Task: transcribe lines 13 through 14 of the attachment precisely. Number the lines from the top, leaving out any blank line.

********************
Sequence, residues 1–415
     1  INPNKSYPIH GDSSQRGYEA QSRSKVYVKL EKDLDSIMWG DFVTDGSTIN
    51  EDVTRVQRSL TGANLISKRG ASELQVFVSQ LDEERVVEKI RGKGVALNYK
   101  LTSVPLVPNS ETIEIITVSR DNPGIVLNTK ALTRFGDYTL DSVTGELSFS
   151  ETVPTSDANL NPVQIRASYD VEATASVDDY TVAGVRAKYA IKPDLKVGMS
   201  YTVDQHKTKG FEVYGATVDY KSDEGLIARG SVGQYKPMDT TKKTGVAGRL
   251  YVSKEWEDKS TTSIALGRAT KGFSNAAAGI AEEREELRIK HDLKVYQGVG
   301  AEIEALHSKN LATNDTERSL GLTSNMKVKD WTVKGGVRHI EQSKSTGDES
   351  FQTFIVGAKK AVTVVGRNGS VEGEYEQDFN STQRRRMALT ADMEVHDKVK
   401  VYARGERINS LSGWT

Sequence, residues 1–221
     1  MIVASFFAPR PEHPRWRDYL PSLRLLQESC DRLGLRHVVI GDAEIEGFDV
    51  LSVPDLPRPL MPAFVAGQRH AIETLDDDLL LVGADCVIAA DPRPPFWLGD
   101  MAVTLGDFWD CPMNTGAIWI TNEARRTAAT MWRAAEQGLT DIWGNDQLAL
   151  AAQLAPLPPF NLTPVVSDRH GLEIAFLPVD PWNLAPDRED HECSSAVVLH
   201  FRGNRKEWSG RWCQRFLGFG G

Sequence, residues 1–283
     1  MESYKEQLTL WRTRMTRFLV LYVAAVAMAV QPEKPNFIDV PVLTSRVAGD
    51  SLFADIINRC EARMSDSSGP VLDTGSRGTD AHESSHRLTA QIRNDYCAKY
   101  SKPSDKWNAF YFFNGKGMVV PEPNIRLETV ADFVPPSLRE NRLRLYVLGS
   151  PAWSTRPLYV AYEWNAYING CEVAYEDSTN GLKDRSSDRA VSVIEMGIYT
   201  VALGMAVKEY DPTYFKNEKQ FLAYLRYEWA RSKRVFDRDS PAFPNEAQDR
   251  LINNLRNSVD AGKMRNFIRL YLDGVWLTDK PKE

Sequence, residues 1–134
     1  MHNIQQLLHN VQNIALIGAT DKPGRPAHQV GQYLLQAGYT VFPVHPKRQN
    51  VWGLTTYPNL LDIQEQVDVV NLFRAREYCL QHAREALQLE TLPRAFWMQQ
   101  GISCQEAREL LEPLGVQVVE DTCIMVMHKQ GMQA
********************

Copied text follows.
    51  LSVPDLPRPL MPAFVAGQRH AIETLDDDLL LVGADCVIAA DPRPPFWLGD
   101  MAVTLGDFWD CPMNTGAIWI TNEARRTAAT MWRAAEQGLT DIWGNDQLAL